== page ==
Seriously, their numbers look more like a college chemistry lab experiment than real numbers. When you consider how much costs should have fallen for a startup, and the fact the retail prices went up, and the economies of scale kicking in, I'd have thought it should have been a falling slope.

"We iz burnin' dough like da Prez on Holiday. Dat looks bad Joey, real bad. When we's make da new books for da bosses, what kinda numbers shoulds I puts in dem? Howz about one third profit? Sounds about right? Let me know if you wants anything different..."
 

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http://www.sec.gov/Archives/edgar/data/1318605/000119312516594471/d185970d424b5.htm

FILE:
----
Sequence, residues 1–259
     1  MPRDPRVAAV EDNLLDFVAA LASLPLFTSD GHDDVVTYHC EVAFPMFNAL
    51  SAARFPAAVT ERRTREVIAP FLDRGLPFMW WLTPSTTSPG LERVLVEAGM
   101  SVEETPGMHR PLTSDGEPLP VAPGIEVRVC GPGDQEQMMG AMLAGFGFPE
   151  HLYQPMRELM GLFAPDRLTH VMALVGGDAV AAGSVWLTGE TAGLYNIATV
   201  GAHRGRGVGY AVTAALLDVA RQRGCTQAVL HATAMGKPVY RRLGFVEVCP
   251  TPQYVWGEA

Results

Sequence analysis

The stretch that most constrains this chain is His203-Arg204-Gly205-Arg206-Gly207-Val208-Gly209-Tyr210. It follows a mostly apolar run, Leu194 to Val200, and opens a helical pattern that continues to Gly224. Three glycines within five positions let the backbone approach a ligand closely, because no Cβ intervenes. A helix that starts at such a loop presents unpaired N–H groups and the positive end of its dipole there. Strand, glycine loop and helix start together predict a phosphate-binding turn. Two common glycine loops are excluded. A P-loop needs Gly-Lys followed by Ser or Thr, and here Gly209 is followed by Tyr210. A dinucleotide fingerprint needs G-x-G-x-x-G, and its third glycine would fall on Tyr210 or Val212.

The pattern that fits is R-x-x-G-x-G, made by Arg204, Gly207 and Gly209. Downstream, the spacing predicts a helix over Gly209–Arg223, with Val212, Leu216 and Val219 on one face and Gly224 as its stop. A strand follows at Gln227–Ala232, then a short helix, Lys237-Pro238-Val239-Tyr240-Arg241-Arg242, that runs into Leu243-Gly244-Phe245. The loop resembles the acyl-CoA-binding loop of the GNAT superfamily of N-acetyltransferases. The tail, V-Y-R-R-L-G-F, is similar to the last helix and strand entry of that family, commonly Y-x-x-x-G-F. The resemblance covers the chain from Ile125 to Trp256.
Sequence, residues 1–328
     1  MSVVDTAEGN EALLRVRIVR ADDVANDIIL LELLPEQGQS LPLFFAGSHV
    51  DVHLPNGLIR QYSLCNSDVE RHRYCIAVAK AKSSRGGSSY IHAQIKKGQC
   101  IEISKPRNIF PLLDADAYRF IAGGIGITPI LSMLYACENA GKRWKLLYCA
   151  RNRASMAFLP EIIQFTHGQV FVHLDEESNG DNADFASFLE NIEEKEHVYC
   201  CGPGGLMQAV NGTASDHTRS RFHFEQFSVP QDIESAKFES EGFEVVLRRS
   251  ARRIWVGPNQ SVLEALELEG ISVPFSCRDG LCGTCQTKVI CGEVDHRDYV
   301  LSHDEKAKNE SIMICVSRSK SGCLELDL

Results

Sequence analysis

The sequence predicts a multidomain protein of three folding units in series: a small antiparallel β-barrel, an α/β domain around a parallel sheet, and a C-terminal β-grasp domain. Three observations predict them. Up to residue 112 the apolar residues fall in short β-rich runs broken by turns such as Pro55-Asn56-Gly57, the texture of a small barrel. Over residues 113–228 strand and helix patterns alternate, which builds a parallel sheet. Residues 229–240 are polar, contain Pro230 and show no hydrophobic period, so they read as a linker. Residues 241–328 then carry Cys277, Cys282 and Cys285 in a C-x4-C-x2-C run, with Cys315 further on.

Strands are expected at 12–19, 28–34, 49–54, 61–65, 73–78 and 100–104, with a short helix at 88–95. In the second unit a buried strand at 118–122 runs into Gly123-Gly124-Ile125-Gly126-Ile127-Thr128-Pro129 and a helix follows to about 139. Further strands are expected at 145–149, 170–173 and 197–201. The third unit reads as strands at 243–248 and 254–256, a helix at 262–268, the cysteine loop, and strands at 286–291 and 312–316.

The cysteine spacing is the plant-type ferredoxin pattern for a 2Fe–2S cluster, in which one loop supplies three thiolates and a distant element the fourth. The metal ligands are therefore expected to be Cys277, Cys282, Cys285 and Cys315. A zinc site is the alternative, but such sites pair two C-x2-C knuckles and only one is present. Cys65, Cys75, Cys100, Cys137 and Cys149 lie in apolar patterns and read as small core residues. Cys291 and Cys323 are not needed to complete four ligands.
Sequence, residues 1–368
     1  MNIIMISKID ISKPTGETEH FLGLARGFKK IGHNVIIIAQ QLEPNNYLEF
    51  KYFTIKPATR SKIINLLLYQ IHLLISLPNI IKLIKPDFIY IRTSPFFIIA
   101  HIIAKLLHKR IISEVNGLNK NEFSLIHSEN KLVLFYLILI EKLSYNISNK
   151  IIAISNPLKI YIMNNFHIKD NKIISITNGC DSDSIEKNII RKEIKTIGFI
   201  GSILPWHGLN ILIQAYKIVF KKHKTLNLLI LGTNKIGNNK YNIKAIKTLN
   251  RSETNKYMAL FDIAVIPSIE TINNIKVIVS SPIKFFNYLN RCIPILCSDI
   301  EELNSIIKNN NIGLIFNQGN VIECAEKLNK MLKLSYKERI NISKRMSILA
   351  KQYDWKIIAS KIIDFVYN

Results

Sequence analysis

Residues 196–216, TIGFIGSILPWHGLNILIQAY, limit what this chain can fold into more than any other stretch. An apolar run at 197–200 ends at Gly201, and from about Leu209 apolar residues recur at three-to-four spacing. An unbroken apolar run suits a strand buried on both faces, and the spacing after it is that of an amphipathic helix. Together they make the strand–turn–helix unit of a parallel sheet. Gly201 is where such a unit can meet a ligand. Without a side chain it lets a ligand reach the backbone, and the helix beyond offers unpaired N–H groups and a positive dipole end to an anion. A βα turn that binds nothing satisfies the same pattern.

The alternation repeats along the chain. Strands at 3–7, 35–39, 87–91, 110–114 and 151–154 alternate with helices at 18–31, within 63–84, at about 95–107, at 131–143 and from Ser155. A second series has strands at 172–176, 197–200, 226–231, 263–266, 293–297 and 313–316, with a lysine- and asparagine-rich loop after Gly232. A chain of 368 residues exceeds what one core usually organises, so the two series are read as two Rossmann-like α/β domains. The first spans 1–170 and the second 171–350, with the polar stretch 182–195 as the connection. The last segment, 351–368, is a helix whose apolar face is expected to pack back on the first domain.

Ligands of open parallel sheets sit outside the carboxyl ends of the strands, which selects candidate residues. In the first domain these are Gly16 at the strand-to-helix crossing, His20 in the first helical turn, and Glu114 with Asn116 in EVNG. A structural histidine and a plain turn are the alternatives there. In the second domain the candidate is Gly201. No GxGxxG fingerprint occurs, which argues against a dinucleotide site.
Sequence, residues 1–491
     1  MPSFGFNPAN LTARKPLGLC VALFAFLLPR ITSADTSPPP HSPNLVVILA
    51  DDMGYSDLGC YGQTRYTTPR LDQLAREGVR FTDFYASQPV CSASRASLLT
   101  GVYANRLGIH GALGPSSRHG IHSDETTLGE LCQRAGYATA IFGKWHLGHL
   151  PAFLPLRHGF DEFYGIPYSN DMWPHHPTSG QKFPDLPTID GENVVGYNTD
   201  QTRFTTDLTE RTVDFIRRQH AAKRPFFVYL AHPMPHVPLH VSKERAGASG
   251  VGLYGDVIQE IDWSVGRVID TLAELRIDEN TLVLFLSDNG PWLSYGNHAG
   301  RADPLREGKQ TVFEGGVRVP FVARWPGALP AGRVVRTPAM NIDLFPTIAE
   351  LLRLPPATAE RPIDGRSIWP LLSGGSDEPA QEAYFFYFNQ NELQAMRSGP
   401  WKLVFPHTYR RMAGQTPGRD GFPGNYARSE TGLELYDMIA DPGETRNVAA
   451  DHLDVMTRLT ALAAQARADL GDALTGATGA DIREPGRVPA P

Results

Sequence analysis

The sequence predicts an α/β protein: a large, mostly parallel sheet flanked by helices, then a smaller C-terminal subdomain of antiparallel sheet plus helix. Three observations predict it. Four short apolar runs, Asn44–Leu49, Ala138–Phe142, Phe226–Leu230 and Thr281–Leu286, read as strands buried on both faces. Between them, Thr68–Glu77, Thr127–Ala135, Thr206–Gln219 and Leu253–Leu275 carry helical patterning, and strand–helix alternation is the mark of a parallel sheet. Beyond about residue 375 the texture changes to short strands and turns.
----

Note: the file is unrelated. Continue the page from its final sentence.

This is a public offering of shares of common stock of Tesla Motors, Inc.
We are offering 6,800,000 of the shares to be sold in the offering. The selling stockholder identified in this prospectus supplement is offering an additional 2,777,901 shares. We will not receive any of the proceeds from the sale of the shares being sold by the selling stockholder.[/B](THIS stockholder is ELON MUSK)

Early after the vehicle's introduction, we were getting daily, sometimes even hourly, updates about how high the reservation count was. But after a couple of weeks, all we got was radio silence, and not even an update at the earnings report. Let me quickly remind you the last news we heard:

April 7th - Elon Musk tweets about receiving over 325,000 pre-orders in the first week.
April 14th - A top company executive details that Model 3 pre-orders are approaching 400,000.